Postnatal depression can occur any time in the first year after having a baby and most commonly occurs within the first six months. Symptoms include feeling low and unhappy most of the time, acute anxiety, irritability, sleeplessness, tiredness and a loss of enjoyment or desire to do anything. These can be made worse by feelings of guilt about not ...

Power of Attorney
(see Enduring Power of Attorney)

Primary Care
Primary Care is the care will receive when you first come into contact with health services about a problem. These include family health services provided by GPs, dentists, pharmacists, opticians, and others such as community nurses, physiotherapists and some social workers.

Primary care liaison team
A service working closely with GPs for clients who cannot be effectively managed in an ordinary primary care setting. The team takes a key role in the organisation and delivery of service working closely with statutory and non-statutory agencies and transferring patients between services as required. The team offers risk assesment of clients, advic...

Primary Care Trust
This is the organisation that looks after primary care (see definition). PCTs are commissioners (see definition).

A procedure is a series of actions taken in a definite and established order. This can refer to a treatment plan or to general activities.

A local policy or strategy that defines appropriate action (see Policy)

Psychiatric Intensive Care Unit
A Psychiatric Intensive Care Unit (PICU) is a locked ward in a hospital where some people detained under the Mental Health Act may stay. Patients are placed in PICU because they are assessed as being a risk to themselves or others in on an open acute inpatient ward.

A doctor who specialises in the diagnosis and treatment of people who are mentaly ill. Psychatrists have undergone specialist training and may diagnose illness, prescribe medication and other forms of appropriate treatment. They also decide whether to admit people to and discharge from hospital.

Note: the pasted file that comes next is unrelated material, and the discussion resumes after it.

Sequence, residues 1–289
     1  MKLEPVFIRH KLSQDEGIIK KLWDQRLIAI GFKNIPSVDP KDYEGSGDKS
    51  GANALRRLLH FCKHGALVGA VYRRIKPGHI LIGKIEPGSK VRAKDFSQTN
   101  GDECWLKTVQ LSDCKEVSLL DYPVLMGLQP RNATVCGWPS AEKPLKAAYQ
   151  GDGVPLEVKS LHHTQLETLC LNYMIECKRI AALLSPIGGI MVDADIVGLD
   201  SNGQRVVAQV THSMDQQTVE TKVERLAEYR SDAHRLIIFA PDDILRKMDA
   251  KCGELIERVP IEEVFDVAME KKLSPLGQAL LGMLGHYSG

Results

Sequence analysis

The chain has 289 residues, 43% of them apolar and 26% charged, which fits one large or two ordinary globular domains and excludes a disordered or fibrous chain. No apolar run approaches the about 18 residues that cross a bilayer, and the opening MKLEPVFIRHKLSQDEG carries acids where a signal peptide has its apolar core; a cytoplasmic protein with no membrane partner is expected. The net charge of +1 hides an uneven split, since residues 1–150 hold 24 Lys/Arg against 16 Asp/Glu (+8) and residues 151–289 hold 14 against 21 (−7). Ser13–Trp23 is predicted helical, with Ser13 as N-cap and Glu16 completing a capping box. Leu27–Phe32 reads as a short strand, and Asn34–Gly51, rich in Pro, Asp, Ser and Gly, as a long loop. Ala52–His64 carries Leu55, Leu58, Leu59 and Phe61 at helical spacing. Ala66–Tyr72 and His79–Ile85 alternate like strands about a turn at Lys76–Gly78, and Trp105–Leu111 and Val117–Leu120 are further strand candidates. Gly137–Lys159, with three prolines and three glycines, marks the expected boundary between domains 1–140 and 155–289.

This is a type of therapy that focuses on unconscious motives and conflicts. The use of dream recall and free associations can be used in psychoanalysis.

(see Drama Therapy)

Psychodynamic therapy
This is a form of psychotherapy in which the patient talks and the therapist makes interpretations about the patient's words and behaviour.

Psychologists have skills in the assessment and treatment of mental illness and psychological problems. Unlike psychiatrists they are not medical doctors, their skills include assessing cognitive functions (for example speech and thought) and providing talking interventions including psychotherapy and counselling.

The management of psychiatric illness using medication such as antidepressants or antipsychotics.

Psychosis or psychotic disorders involves distorted perceptions of reality and irrational behaviour often accompanied by hallucinations and delusions.

Psychosomatic Disorder
In some illnesses, psychological factors seem to play a particularly important part. They can influence not only the cause of the illness, but can also worsen the symptoms and affect the course of the disorder. These illnesses are termed psychosomatic disorders. Because psychological factors are important in evey illness, there is lack of agreement...

Psychotherapists help people to be in more control of their own lives by exploring emotional difficulties and helping them understand themselves and their relationships with others. They provide consultation and intervention on a one to one basis in groups.

The treatment of mental health, emotional and personality problems through talking with a therapist. There are many different types of psychotherapy.

Quality improvement
This is a general term for various methods of improving the quality of services that are provided to service users.